I've finally done the thing I've talked about for four years; I've left Fresno. So for those of you who have fantasized about quitting your job, packing up your things, and leaving without any "justifiable", "responsible", "adult" reason... read on and do so vicariously.Yes, I'm in a new city. I have exactly three friends, a roof over my head, and no job. I did this on purpose because I felt I was supposed to come up without planning too much. Maybe this was a mistake; I thought I heard God, but maybe I was hallucinating. I've done that before.
I've been in Redding for one week, today. Within these seven days I have experienced a full array of emotions ranging from jubilance, anticipation, and triumph to regret, angst, paranoia, depression, and fear. I have, in the past, encouraged so many people to do exactly what I am now doing... embarking on a new journey with very little in the way of security. It is a test of my faith, and a very arduous one. I'm not sure why it's so difficult for me. I remind myself, as I did my friends, that security is a human invention, not found in nature. Therefore, I conclude, security is overrated. But I don't fully believe this, or I wouldn't have to remind myself so often. A girlfriend recently asked me how I am faring, and if I am enjoying myself so far. I told her that I'm enjoying it as much as I can enjoy it when I'm staving off sheer unemployed panic. Another wise friend reminded me that asking God to "give us this day our daily bread" wouldn't be as meaningful if we had a months supply in our freezer. I am not asking anyone to feel sorry for me; I chose this. I knew what I was getting into. But enlisting in the military doesn't remove your right to be afraid in the middle of a conflict. However, during my free time (which is all the time), I've had my senses awakened to the things that I miss when I'm on the hamster wheel of means-to-an-end employment. For example, I've missed almost every sunset for the last four years. I knew it was happening, but the lack of windows in the restaurant meant that it was implied, never enjoyed. Now I've the luxury of enjoying each sunset, every night since I moved. It may not be a luxury to some, but luxury is a relative term, as is wealth. Which is why I tend to be leery of arguments that pit the rich against the poor; there are few terms with such volatile and capricious definitions. What does it mean to be rich? To be poor? You will get a different answer from everyone you ask.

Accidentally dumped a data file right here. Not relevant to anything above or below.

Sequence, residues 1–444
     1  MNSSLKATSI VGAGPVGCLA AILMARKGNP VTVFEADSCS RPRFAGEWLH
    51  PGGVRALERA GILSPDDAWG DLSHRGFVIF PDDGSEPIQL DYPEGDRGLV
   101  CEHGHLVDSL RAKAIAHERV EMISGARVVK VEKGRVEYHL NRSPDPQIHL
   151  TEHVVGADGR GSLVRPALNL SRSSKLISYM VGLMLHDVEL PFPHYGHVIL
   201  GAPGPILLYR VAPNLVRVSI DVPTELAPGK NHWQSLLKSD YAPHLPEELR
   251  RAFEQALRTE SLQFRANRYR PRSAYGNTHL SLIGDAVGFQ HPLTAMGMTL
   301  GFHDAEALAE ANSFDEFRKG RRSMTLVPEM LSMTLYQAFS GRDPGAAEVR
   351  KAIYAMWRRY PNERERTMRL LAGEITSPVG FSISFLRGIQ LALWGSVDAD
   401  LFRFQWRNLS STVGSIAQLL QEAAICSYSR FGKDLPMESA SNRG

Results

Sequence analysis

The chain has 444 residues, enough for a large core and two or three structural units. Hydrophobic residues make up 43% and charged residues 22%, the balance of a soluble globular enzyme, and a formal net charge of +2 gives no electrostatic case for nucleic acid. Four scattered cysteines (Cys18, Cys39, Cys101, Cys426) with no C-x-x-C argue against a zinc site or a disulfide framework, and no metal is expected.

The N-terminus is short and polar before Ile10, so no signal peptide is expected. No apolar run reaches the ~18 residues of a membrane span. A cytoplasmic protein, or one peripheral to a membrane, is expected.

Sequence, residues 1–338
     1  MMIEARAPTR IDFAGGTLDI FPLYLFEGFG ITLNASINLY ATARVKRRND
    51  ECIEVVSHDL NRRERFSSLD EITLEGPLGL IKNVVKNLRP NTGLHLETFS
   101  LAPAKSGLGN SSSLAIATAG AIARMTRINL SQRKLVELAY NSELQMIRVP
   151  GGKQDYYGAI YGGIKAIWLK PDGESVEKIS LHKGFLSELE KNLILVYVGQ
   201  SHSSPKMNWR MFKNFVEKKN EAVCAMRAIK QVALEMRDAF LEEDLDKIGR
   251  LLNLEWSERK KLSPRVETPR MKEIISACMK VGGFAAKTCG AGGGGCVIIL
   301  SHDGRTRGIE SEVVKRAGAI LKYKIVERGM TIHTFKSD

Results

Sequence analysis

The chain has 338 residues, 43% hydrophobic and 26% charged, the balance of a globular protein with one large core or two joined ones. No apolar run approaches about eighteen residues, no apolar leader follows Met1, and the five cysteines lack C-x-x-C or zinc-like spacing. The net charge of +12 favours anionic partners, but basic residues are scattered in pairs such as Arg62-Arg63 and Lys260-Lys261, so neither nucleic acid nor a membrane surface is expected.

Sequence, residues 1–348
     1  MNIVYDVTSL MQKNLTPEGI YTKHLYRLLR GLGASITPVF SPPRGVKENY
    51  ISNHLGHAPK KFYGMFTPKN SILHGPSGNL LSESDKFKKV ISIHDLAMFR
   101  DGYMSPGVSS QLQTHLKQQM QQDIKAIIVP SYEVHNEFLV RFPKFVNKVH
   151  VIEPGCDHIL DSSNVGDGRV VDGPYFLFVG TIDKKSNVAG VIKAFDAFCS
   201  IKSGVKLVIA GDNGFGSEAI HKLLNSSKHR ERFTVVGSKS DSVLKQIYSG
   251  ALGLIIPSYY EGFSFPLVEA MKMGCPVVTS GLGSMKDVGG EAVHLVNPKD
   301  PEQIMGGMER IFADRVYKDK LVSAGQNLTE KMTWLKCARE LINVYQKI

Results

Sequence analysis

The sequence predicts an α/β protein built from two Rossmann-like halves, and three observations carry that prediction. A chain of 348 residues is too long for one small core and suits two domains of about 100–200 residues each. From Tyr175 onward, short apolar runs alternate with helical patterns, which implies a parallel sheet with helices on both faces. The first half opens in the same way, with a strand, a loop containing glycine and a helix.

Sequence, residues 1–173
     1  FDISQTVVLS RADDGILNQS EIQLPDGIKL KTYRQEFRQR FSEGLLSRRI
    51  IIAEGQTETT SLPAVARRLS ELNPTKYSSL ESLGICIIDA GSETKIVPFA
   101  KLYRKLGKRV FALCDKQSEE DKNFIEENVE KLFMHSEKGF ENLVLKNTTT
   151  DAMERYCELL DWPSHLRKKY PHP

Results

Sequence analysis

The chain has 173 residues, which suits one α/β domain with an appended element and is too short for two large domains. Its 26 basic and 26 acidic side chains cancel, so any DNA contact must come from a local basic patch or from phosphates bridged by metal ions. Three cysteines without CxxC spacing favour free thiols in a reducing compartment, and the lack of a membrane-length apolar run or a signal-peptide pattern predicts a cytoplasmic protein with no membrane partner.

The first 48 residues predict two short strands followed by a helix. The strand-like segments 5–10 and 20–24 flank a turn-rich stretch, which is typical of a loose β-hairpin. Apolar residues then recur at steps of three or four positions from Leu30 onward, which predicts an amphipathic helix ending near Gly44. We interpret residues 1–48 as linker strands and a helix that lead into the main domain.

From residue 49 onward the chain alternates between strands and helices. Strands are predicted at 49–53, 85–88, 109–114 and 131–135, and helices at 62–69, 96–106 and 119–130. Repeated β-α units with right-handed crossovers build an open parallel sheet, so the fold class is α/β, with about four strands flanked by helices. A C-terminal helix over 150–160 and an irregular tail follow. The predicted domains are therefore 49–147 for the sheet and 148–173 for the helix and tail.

I have had the freedom to sit and ponder the things I am grateful for, and tearfully amazed at how large the list becomes as I think more and more. The things I am grateful for, some may dismiss as ridiculous. But that's the beauty of it. I hope to find more things to add to the list each day, and to update it consistently. I encourage you to make a list of your own. I will keep it at 15 items for today.
The List (in no particular order)